So that whole first album was about all of that stuff: addiction, religion and death. Since then, unfortunately, each album has had a big pivotal moment where I’ve lost another family member. They’ve all been quite personal. In the last five years, I’ve lost that brother, another brother and both of my parents, so each record has been dedicated. It’s been a heavy, heavy trip.
On this new record, I’m hoping to put death behind me. I lost my mom shortly after I found out I was pregnant. We’re calling the tour next year Ready to Rise and since we’re not done with the album yet, it could very well be the album title, too. It’s putting the loss, hopefully, behind us a little bit and starting with new life with this unexpected baby coming at the strangest time.
The two songs I’ve written so far deal with all of this. One song “Calling Angels” was literally accidental. I was writing two weeks ago with my songwriting partner and we had this chorus melody and he was mumbling words. I heard angels in there and he’s atheist so it was interesting to me that he was saying angels. I’d been writing this song where each verse was about a family member. I didn’t even realize it was happening at the time, but it’s in order of their passing. So it’s a tribute to them.
I also don’t write a lot of happy baby songs, since I don’t write happy much of anything. [Laughs] But I ended up writing one right after having this little child and seeing all of this footage in Aleppo of these babies being brought out of war called “Orphans.” So this next album, I have no idea what the theme will be at this point, but it will all be personal.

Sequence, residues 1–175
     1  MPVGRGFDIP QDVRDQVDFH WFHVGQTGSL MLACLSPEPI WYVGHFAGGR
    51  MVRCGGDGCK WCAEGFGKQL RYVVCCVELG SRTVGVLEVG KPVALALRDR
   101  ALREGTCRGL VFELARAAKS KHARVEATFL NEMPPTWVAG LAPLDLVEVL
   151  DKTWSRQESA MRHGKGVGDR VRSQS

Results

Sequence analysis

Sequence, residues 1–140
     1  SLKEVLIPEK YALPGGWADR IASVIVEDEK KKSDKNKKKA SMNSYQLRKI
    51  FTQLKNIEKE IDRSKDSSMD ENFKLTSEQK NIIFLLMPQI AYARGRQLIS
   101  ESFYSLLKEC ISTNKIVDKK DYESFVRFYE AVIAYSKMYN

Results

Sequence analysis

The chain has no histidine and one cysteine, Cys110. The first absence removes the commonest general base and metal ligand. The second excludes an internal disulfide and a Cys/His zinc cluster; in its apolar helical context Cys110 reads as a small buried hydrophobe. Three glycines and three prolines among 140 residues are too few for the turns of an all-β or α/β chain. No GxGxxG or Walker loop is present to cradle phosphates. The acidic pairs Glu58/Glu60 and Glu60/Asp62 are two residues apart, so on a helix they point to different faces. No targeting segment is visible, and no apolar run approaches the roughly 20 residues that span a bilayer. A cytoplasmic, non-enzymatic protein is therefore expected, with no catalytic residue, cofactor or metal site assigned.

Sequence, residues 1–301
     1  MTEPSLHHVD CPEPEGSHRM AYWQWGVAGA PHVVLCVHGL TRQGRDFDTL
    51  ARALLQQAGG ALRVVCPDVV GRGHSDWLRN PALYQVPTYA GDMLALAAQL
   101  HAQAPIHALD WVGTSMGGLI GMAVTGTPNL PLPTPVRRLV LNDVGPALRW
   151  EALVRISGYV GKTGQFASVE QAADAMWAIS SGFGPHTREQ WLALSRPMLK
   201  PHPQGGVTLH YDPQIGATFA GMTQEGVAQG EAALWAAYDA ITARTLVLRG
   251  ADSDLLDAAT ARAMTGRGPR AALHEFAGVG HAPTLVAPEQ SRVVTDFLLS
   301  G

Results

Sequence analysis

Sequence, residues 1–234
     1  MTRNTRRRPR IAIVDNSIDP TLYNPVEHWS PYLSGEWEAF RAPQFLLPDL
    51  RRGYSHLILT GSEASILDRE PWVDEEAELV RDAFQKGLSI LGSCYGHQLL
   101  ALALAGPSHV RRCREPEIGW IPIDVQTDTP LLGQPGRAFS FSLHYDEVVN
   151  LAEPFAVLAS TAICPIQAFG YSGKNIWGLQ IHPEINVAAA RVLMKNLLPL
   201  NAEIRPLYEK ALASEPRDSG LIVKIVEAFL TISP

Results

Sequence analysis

Has music been the place you process traumatic experiences for a while?
Absolutely. With each passing of a family member, especially with my mom, I remember just saying, “I can’t see myself ever getting on stage and peforming again.” Her loss was so devastating that I couldn’t imagine doing it again. I did cancel some months of shows, but quicker than I imagined, I was writing again and ready to perform again. I think it’s because of that catharsis. It’s a vehicle to heal from this.
Then you get in front of a live audience and I’ve had some amazing fans following from the get-go and they know these stories. I even see their faces when I write these songs. They come to every show and they want to express a story that they have in common since they’ve lost someone. The shows have been about that — that we’re all in this boat called life together and suffering is a part of that, unfortunately. But you can transform that and change it into this joyful thing by sharing the music together. So it’s really shaped the live show for these last five years.
Yeah I was going to ask if that’s allowed the fans to connect at the same deep level that you’re writing at, but it sounds like that’s true.
My very first album, more than 10 years ago now, was the very first time I started talking death on stage after the death of my sister. I thought, “Wow, this really invites people in.” It’s something I had to do to get through some shows and to have things make sense to me. But now it’s such a part of the show and the writing. I’m going to offer up my story and take back theirs. It’s wonderful because I’ll get notes from fans who find me after a show and they’ll tell me their own stories and experiences of loss, and those will often given me an idea for another song. It’s such a shared process at this point.